“And even though I am a junior person and it’s my first TV project, he’s never offloaded me to a more junior executive or had me go through his assistant. I think that shows not just his investment in the project but him really respecting me and taking me seriously as a young writer.”

Carney says Johnson always makes time to meet with her when she’s in Los Angeles, where she lived and worked before coming to the Iowa Writers’ Workshop.

“Last fall, he was in post-production on one movie and in the midst of night shoots on another,” Carney says. “He had this insane schedule but was so committed to meeting with me, even though we didn’t really need to meet. He’s just really, really generous.”

Johnson says there are a number of Hawkeyes working in Hollywood at the moment, particularly as writers.

“I’m kicking myself because I wasn’t more connected with the Iowa Writers’ Workshop earlier in my career,” Johnson says. “I wish people didn’t know about the workshop because I don’t want them muscling me out for talent! But the truth is people are well aware of the Writers’ Workshop, and people who may not have known about Iowa before know about it now.”

University of Iowa students and alumni aren’t the only ones who get Johnson’s attention. He’s also highly involved with his other alma mater, the University of Virginia. There he has led classes and serves as chair of the Advisory Board for the Virginia Film Festival, for which he has worked in some capacity during the majority of its 30-year run.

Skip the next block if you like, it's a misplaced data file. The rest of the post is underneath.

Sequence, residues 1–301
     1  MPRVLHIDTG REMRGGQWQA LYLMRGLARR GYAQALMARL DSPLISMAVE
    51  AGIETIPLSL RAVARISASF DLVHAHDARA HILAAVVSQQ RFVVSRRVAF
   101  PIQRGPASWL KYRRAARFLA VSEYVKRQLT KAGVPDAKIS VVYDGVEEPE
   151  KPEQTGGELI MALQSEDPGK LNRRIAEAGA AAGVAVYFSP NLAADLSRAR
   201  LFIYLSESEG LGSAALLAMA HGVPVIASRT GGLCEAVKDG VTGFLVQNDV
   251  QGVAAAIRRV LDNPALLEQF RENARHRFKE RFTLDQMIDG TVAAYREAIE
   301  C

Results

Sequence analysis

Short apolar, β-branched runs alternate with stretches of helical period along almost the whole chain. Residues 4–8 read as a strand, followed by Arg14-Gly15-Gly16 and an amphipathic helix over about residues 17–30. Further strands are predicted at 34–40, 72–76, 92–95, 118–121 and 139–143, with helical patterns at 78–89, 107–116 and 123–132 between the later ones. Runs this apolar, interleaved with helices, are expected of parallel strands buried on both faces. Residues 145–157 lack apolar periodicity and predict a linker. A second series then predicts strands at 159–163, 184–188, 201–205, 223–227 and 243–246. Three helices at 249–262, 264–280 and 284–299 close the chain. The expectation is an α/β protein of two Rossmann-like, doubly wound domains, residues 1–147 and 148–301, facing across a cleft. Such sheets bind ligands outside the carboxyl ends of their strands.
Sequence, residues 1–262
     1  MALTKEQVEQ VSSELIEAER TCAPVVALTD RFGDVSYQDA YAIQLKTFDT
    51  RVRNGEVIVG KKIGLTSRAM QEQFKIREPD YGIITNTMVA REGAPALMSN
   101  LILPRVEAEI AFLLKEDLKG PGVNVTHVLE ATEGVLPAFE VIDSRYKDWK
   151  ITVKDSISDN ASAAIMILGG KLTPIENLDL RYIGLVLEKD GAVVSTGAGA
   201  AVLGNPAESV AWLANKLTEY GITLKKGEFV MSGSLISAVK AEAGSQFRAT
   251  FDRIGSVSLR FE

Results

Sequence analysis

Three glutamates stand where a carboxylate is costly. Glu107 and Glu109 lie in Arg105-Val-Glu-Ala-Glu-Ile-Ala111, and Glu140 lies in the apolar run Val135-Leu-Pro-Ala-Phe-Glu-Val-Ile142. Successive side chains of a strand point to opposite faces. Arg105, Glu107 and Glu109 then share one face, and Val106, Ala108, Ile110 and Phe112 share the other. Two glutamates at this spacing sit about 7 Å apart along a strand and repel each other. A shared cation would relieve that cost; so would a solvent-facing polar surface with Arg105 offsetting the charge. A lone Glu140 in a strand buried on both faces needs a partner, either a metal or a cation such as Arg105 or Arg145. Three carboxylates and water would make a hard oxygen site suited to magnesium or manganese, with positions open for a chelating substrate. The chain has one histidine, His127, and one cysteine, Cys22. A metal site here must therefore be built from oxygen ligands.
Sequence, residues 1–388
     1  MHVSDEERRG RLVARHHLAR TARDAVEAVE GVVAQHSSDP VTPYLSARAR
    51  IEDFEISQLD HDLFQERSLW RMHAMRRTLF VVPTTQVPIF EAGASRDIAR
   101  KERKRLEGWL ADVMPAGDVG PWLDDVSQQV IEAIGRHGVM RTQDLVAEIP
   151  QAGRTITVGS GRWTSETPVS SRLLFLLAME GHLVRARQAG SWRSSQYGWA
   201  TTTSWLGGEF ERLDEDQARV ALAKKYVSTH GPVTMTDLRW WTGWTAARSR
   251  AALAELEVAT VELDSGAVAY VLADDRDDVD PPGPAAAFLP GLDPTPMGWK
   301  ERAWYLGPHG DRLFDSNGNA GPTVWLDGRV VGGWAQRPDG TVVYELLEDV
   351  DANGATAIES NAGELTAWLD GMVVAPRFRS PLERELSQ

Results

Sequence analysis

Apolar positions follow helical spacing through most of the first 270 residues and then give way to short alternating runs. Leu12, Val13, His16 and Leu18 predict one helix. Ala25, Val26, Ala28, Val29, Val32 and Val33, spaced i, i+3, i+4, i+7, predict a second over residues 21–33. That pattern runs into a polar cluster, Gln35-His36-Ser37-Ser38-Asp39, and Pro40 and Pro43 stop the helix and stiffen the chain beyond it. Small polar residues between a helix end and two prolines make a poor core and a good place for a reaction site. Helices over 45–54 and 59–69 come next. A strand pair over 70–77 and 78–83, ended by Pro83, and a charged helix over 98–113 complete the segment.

It was while judging a screenwriting contest at the Virginia Film Festival that Johnson discovered a young writer by the name of Vince Gilligan. The two went on to create the television series Breaking Bad and its spinoff Better Call Saul.

Johnson says he knows that for college students in Iowa City, the film and television industry can seem exotic and far away.

“But the truth of the matter is that you’re much closer to it than you think,” Johnson says. “If you’re talented and you’re a hard worker, the industry wants you as much as you want it. We’re constantly looking for talented, original voices. Practice your art and craft. When it’s time, come out, and if you’re talented and you have the resolve, you will get discovered and become a part of it.”